TemplesThe priesthood of He Who Watches does not build many temples. They usually perform their services in a specially designated area within the tribal encampment, or in a nearby cave or grotto. When orcish tribes have taken the homes of elves, dwarves, gnomes, or other intelligent creatures they will frequently defile their temples and use them for their own religious ceremonies. The few Gruumshan temples that have been built tend to resemble small, squat fortresses made of large, dark stone blocks. The interiors are dark, dirty, and frequently covered in the dried blood of old ceremonies. It is common for such temples to contain small shrines dedicated to the other gods of the orcish pantheon, with the exception of Shargaas and Yurtrus, as well.
RitualsHe Who Watches requires frequent sacrifices, on at least a weekly basis. The typical method of sacrifice involves securing a creature to a steeply angled altar and piercing their torso with a ceremonial iron spear; these are always designed to be wounds that cause a slow death, and the blood drains into a pool at the base of the altar. This kind of sacrifice is symbolic of Gruumsh's suffering at the hands of rival gods. Elven victims are preferred, but any creature will do.
"Gruumsh sees only victory!" and "Blood for the One-Eye!" are common oaths, as is "By his bloody spear!"
OrdersThe most devout followers of He Who Never Sleeps are a cabal known as the Fury of the Eye, the most zealous and ruthless orcish religious movement. They actively seek to drive their tribes toward conquest and the annihilation of their enemies. More moderate members of the Fury of the Eye seek to more pragmatically enslave their foes, reasoning the weak exist to serve the strong. Initiation to the Fury of the Eye may include acts of sacrifice to One-Eye or the enslavement of particularly reviled foes of the orcs.
Outside orcish lands, half-orcs and other humanoids act as the eyes and ears of the Fury of the Eye cult, as they tend to be more accepted by other races. Given time, they may grow to treat mixed-race groups such as adventuring bands with the same devotion they would show an orcish tribe.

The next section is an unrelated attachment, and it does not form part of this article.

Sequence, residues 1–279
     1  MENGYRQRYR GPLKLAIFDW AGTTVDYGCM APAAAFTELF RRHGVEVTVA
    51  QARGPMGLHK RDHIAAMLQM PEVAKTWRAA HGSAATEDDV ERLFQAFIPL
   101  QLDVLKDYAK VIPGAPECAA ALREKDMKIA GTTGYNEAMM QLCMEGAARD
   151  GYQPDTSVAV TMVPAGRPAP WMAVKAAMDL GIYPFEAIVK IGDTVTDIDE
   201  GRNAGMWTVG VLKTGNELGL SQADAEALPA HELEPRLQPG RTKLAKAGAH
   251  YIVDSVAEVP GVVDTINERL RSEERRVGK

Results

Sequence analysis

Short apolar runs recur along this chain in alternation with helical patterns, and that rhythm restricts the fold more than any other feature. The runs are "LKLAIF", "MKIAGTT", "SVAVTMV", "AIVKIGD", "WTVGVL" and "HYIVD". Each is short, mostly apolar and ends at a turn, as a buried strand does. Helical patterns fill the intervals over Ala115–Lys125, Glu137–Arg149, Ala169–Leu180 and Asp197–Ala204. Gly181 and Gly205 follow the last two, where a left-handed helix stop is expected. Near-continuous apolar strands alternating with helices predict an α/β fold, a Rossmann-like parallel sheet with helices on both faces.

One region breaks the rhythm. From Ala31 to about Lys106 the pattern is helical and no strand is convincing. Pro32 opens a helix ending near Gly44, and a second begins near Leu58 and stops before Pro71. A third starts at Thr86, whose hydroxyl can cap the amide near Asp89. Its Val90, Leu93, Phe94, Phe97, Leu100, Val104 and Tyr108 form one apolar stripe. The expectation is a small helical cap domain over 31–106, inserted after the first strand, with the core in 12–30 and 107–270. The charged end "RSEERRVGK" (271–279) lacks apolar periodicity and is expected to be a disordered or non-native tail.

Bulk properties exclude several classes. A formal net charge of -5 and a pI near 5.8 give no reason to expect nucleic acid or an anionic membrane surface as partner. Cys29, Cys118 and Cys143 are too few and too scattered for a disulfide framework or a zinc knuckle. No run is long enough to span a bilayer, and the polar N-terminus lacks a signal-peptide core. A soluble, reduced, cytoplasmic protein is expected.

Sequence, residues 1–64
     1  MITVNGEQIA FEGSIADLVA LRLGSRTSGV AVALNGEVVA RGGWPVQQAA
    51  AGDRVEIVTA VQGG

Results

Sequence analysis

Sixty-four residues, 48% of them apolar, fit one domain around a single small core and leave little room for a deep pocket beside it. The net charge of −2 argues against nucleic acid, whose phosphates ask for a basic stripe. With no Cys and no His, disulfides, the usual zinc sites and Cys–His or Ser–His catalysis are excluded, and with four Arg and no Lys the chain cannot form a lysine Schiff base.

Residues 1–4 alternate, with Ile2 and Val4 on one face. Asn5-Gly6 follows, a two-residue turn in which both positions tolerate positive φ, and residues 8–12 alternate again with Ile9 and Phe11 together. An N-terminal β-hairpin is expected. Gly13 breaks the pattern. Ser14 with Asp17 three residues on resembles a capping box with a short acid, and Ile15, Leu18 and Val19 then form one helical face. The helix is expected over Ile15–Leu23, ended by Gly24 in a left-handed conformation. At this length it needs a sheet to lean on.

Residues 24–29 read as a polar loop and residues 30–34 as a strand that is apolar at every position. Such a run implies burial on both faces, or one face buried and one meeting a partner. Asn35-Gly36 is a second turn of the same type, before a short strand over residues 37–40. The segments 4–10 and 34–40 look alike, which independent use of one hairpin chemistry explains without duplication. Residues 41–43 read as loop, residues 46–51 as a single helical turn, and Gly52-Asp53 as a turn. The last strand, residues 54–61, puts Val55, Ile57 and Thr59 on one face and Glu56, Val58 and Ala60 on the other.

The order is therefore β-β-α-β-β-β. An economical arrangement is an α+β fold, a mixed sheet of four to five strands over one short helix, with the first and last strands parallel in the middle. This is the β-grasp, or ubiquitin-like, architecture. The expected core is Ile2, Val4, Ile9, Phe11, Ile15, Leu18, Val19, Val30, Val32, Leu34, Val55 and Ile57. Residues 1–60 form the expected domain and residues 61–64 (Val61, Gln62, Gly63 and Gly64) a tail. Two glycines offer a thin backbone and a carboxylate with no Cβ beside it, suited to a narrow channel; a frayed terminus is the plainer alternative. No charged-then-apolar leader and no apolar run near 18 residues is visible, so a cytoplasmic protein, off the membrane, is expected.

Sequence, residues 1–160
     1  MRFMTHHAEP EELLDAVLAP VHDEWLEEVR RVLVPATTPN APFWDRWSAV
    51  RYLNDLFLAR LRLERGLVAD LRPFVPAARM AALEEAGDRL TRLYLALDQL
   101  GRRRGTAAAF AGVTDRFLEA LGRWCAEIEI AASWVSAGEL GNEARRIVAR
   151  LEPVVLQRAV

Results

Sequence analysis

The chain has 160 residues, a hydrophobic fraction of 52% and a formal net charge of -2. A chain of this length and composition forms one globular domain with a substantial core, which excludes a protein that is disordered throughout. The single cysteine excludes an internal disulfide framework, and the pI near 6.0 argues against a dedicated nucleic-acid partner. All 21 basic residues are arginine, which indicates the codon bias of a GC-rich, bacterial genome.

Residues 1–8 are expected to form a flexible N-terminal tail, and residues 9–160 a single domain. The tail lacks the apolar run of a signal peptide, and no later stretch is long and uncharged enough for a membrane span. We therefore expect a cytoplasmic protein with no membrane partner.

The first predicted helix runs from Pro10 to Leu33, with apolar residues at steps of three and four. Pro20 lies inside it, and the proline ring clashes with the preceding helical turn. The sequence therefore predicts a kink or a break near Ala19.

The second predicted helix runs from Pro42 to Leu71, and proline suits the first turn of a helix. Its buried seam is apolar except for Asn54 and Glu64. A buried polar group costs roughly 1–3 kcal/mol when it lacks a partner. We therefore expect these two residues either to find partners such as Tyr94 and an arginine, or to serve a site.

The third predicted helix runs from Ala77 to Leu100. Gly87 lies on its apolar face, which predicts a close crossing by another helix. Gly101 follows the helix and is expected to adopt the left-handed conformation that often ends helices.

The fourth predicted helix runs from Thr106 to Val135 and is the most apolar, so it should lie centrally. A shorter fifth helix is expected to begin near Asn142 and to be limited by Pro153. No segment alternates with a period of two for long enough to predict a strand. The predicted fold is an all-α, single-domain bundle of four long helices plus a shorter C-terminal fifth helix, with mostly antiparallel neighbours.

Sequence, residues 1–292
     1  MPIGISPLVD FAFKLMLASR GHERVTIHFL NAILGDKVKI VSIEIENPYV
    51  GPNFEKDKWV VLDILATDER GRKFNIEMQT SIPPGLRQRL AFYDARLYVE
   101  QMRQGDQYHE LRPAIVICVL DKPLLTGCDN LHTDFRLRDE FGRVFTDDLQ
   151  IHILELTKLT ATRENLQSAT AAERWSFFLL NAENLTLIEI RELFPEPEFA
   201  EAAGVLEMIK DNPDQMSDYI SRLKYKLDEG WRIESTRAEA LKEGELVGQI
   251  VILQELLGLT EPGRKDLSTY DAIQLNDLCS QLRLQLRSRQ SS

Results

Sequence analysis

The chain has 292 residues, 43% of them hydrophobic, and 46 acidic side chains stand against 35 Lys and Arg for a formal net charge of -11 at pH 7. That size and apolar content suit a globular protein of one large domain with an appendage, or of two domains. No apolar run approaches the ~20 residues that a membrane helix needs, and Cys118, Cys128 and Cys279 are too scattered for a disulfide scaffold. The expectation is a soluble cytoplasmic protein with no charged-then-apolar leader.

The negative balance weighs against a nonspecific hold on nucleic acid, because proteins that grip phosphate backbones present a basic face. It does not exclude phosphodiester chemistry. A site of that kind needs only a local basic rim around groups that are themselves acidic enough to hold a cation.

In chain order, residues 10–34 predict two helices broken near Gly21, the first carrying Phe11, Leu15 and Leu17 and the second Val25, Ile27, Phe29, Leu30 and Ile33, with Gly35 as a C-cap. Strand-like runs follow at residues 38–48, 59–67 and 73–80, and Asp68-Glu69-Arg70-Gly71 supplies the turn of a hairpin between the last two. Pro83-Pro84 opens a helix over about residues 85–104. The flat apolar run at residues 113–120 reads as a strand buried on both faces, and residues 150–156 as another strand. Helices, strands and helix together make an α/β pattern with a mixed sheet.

The Swords of Gruumsh is an military group associated with One-Eye's church. They are composed entirely fighter/priests, and specialty priests. It is believed that this organization was created through direct intervention by Gruumsh on all worlds where he is worshiped. Swords of Gruumsh operate in groups of no more than six individuals (although there is no limit to the number of groups). In all cases, they specialize in combating elves and dwarves (+1 to attack, on top of any other bonuses they may have), and seek them out above all other enemies. When operating independently, they search out small enclaves of elves, dwarves, and their allies, and attempt to completely wipe them out.
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Gruumsh teaches his followers that the strong are meant to rule and the weak are meant to be crushed, their flesh rended and their blood spilled, their bodies killed or enslaved, because purging the world of weakness is what is best for all. Slavery is usually only a brief reprieve before death. Runts and cripples are more than just a burden on society, but a sign of Gruumsh's disfavor, marked by their weakness for elimination. That which does not kill an orc only makes them stronger.